I was hoping for a bit of deja vu when I learned that Phil and Lem were going to be reunited in the 2014 TV pilot Mission Controlbut like Hoke, that one was killed off before ignition. We probably need a cable channel that only screens pilot episodes for series that never get picked up.

But then, what if we really liked those pilots. . . .

Yet another thing to get depressed about, hence the need for Better Off Ted. The IT Crowd. My Name Is Earl. . . .

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Rediscovered: Jeopardy! Loves Hammett Trivia

Oh, yeah — on the episode of Jeopardy! broadcast on January 9, a category in the Double Jeopardy! round was titled Arlington National Cemetery.

The $2000 clew (supposedly the most difficult) read: A veteran of both world wars, this creator of Sam Spade was buried in Arlington in 1961.

And in this case the guy answering got it right.

Just in time for the 54th anniversary of Hammett’s death on the 11th. . . .

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Tour: Sunday February 22

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We’ve got a Hammett tour coming up fast, where anyone can show up palming twenty bucks and walk the walk — this Sunday, January 18.

Next one in line rolls up on Sunday February 22. Meets at noon, near the “L” sculpture. Ought to take four hours or slightly longer. If interested, just show up with $20, comfortable shoes, and a cynical world-weary attitude coupled with a line of quick patter.

Gumshoes will travel, rain or no rain.

Image above: the tour near the spot where Miles Archer, partner of Sam Spade, took a tumble in Burritt alley.

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Hammett: The Midget Bandit in Portland

I also got in a note from Warren Harris — he of the legendary Midget Bandit Week here on Up and Down These Mean Streets — who continues to delve into the life and criminal exploits of Edwin Ware.

Warren included a link to a blog post out of Portland with “some new information I dug up on the Midget Bandit.” Needless to say, all you fans of the MB should surf over instantly.

He also tells me that the Fresno County Library is doing The Maltese Falcon as the Big Read this spring: “I’ve been invited to speak at the Sisters-in-Crime meeting on March 14 at the the Yosemite Falls Cafe’s (Ashland & 99) meeting room in Fresno.” More details as they are solidified.

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Two-Gun Bob: From the Cultural Archives of PulpFest. . . .

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Image above from PulpFest 2012, left to right: Rusty Burke, Don Herron, Brian Leno, Indy Cavalier.

In the last two or three days Brian Leno popped in a couple of links to that panel we were on during PulpFest 2012, about the birth of Conan  and Sword-and-Sorcery. Only about thirty minutes long — I explained why it didn’t run for the usual hour in my write-up on that convention just after I got back. Check out one of the links if interested — same content, different venues. Brian says the sound is pretty good.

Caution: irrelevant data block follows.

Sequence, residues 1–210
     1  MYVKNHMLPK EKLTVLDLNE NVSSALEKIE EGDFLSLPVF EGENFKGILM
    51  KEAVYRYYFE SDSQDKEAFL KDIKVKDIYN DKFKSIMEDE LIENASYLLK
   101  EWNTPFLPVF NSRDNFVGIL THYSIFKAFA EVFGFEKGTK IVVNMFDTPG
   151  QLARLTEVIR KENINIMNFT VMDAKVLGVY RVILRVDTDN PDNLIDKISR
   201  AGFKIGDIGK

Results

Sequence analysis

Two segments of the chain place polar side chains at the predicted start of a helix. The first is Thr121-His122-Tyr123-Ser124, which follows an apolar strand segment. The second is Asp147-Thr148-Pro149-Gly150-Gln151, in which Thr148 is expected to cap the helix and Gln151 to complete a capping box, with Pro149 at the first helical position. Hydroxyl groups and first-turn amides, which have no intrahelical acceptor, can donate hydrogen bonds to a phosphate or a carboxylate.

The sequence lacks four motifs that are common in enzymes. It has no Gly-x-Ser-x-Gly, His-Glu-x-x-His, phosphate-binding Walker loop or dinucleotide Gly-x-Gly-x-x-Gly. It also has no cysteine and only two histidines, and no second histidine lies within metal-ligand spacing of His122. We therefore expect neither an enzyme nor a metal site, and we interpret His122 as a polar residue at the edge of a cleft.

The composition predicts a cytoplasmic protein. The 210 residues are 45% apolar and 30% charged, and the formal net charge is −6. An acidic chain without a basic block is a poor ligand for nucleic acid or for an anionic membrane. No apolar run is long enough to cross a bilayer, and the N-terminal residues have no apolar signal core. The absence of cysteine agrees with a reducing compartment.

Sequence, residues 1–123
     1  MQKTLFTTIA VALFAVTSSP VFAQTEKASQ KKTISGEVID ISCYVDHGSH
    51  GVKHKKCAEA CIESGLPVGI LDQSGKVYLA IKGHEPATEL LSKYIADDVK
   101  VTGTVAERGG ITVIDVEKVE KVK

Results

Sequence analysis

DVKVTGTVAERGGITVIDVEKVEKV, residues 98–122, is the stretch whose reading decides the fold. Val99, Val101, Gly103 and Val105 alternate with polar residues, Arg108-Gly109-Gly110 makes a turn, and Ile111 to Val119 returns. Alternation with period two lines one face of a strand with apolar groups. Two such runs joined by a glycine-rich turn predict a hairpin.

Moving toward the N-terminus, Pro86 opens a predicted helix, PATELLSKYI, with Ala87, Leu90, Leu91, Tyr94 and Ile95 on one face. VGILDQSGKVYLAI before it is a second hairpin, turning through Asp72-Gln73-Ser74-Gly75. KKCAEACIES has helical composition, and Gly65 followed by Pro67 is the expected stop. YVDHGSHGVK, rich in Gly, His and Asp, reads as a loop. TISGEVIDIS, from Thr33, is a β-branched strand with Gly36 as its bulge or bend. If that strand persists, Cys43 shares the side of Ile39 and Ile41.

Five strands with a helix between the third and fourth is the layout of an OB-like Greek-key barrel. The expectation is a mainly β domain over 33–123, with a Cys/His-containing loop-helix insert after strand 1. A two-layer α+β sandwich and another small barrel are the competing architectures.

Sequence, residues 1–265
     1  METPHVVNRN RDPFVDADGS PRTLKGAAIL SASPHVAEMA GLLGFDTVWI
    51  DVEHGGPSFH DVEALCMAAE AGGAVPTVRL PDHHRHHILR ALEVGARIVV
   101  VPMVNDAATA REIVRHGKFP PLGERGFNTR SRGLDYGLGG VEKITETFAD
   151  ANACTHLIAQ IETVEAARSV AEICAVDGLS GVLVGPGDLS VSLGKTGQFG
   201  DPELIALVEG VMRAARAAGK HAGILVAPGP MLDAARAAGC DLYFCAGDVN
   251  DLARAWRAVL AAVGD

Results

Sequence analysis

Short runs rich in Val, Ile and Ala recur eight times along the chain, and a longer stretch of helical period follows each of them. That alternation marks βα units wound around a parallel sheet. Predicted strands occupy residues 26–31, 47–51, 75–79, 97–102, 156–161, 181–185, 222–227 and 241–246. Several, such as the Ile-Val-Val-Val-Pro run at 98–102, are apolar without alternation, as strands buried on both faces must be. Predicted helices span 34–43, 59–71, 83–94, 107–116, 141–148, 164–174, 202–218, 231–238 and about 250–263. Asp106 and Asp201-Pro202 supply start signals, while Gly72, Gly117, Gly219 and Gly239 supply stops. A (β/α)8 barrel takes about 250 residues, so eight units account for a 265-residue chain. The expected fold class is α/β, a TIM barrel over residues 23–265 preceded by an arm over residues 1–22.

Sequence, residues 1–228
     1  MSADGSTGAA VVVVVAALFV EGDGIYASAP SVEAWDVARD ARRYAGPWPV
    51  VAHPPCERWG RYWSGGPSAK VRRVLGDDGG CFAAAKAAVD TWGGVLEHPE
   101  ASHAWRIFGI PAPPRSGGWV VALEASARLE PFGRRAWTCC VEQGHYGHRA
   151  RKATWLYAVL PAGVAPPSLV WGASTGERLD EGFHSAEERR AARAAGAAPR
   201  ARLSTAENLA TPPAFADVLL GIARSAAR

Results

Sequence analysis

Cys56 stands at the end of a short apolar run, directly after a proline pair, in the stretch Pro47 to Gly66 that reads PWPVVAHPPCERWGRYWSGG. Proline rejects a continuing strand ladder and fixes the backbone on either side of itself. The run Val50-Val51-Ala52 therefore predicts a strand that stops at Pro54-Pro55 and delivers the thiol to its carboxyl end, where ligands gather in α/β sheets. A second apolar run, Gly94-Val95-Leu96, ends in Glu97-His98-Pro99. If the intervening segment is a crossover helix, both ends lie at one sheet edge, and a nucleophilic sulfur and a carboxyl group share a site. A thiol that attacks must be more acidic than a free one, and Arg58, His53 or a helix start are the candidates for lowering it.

Also sitting in were Bill “Indy” Cavalier and Rusty Burke, making for a roster of now famous Howard fans with grey beards and Hawaiian shirts, the official current dress code of Howard fandom that came in during the mid-sixties when Two-Gun Bob erupted like a volcano on the paperback racks, with those great covers by Frank Frazetta. (Although Rusty, while older than me and Brian — I’m not sure where he sits vs. Indy — didn’t actually come into Howardom until much later, maybe the early 1980s, from the comic books. Still, he looks like a typical 1960s fan these days.)

I’m thinking about heading back to PulpFest later this year, where they’re celebrating birthday 125 for H.P. Lovecraft, among other things. If I can put together a panel on Weird Tales editor Farnsworth Wright vs. his writers — he really screwed over Lovecraft and Robert E. Howard, in particular — it could be fun.

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Sinister Cinema: The Sound of Fury

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In a week or so Noir City is coming up once again in The Castro, with a double bill of the first couple of Thin Man films, Woman on the Run with terrific footage of period San Francisco streets, and lots more. Check out the schedule to see if there is anything on it you can’t miss.

I try to get to at least one of the showings during the run, and a year or maybe two years back ended up catching the 1950 flick The Sound of Fury, in large part for the local angle. I think they called the town in the movie San Marino, something like that, but the action is based on a series of crimes in the Bay Area and the lynching took place in downtown San Jose, St. James Park near the courthouse and old jail. And as a bonus it featured a show-stopping performance by Lloyd Bridges — honest, worth watching for him alone, but the other noir aspects are solid and the finale with the lynch mob is wrenching.

What sets off the mob, though, is that the two crooks committed a kidnapping — which brings us back to the topic of the day, Hammett and “Crooked Souls” a.k.a. “The Gatewood Caper.”

At what point in time did kidnapping become so commonplace that the Op’s explanation at the end of “Crooked Souls” just wouldn’t hold water any more?

The Marion Parker kidnapping at the end of 1927? The Lindbergh baby in 1932? Certainly by the Brooke Hart kidnapping in 1933 — then a plethora of other kidnappings across the country.

If you want to read more on the Hart case, with lots of details on kidnapping in the era, and a detailed account of the lynching in San Jose, hop over to CrimeLibrary and this article by Mark Gado. It’s like a little book. A fascinating little book, if you’re interested in true crime, kidnappings, and lynch mobs.